problems. He eventually learned through a letter from his
mother that she had left Kinshasa some nine months previously
his brothers to Brazzaville, owing to the difficulties
she had had in Kinshasa. She informed him that, following his
the country, his father had been arrested, interrogated
in an effort to make him reveal the author's whereabouts. The letter
had remained at his residence in La Chaux-de-Fonds.
author did in fact describe in his application for asylum the work
he did for the MPR. He had been responsible for mobilizing people
at the airport in connection with all travel undertaken by President
Mobutu. Consequently he was well known, particularly in Kinshasa.
That was the reason for his continuing fear that he would be at
risk of recognition and arrest if he returned to the DRC.
author contends that the many former employees of President Mobutu
who remain in the country without problems have preserved their
freedom through payments and bribery. He states that two compatriots
whom he met in Switzerland, and whose names he supplies, were arrested
on their return to the DRC and imprisoned at Makala.
and proceedings before the Committee
considering any claims contained in a communication, the Committee
against Torture must decide whether or not it is admissible under
article 22 of the Convention. The Committee has ascertained, as
it is required to do under article 22, paragraph 5 (a) of the Convention,
that the same matter has not been and is not being examined under
another procedure of international investigation or settlement.
The Committee also notes that all domestic remedies have been exhausted,
and considers that there is no reason why it should not declare
the communication admissible. Since both the State party and the
author have provided observations on the merits of the communication,
the Committee proceeds with the consideration of those merits.
issue before the Committee is whether the expulsion of the author
to the Democratic Republic of the Congo would violate the State
party's obligation under article 3 of the Convention not to expel
or return a person to another State where there are substantial
grounds for believing that he or she would be in danger of being
subjected to torture.
Committee must decide, pursuant to article 3, paragraph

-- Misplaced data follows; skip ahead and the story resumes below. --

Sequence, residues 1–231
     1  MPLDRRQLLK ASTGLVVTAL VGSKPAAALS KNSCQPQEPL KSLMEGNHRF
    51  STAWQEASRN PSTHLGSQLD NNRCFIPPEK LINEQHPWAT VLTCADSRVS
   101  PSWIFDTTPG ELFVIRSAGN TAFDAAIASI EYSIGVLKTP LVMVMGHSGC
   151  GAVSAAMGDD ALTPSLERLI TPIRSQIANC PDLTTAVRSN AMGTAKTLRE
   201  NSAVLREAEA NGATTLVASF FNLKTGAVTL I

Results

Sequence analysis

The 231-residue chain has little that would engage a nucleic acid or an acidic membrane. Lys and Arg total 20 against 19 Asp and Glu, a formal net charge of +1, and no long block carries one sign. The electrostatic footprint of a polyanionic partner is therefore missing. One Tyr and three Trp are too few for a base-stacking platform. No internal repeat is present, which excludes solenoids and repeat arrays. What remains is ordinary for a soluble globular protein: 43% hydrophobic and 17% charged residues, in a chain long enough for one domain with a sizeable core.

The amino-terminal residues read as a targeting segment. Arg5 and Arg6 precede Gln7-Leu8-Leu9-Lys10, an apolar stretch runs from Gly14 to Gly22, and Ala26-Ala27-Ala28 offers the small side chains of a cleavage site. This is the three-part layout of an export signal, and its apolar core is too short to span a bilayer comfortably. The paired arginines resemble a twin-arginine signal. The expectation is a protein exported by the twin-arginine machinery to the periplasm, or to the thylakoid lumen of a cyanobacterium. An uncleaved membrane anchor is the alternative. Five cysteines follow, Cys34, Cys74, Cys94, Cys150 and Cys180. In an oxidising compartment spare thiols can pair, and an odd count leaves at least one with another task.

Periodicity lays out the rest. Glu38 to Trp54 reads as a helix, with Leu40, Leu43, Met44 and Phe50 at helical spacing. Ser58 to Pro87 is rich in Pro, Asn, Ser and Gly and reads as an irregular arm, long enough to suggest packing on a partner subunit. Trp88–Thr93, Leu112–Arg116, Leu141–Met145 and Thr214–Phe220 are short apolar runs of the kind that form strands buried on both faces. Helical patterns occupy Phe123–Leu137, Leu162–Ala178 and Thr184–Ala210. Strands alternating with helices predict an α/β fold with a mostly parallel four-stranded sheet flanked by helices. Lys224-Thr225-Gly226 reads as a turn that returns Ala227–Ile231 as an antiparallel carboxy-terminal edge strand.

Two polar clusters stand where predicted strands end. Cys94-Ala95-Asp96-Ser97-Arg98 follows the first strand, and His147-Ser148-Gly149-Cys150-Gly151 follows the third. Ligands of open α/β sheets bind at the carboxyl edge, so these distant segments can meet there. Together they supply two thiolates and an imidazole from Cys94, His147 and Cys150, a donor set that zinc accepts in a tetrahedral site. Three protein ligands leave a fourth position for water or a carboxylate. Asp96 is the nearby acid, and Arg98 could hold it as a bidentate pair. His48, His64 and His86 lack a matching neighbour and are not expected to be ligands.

1, whether there are substantial grounds for believing that
be in danger of being subjected to torture if returned
to the Democratic
Republic of the Congo. In reaching this decision, it must
take into account all relevant considerations, pursuant to
2, including the existence of a consistent pattern of gross,
flagrant or mass violations of human rights. The aim of
the determination, however, is to establish whether the individual
be personally at risk of being subjected to torture. The
existence of a consistent pattern of gross, flagrant or mass
human rights in the country does not as such constitute
sufficient ground for determining that a particular person
would be in
danger of being subjected to torture upon returning to that country; there
must be other grounds indicating that he or she would be
personally at risk. Similarly, the absence of a consistent
gross violations of human rights does not mean that a person
in danger of torture in his or her specific circumstances.
present case it must be pointed out that the author has provided
neither the Committee nor the State party with any evidence that
he was a member of MPR or that his family has been persecuted by
the current regime in Kinshasa. The Committee does not find his
explanations for the absence of such evidence convincing. Nor has
the author provided evidence of the alleged persecution to which
former, in particular junior, members of MPR are supposedly subject
at present owing to their support for the country's former president
and active backing for the opposition to the regime currently in
Committee is concerned at the many reports of human rights violations,
including the use of torture, in the Democratic Republic of the
Congo, but recalls that for the purposes of article 3 of the Convention
the individual concerned must face a foreseeable, real and personal
risk of being tortured in the country to which he or she is returned.
In the light of the foregoing, the Committee deems that such a risk
has not been established.
against Torture, acting under article 22, paragraph 7 of the Convention
against Torture and Other Cruel, Inhuman or Degrading Treatment
or Punishment, concludes that the decision of the State party to
return the author to the Democratic Republic of the Congo does not
constitute a breach of article 3 of the Convention.
English, French, Russian and Spanish, the French text being the
1. 1 CAT/C/12/D/13/1993.
2. 2 CAT/C/16/D/41/1996.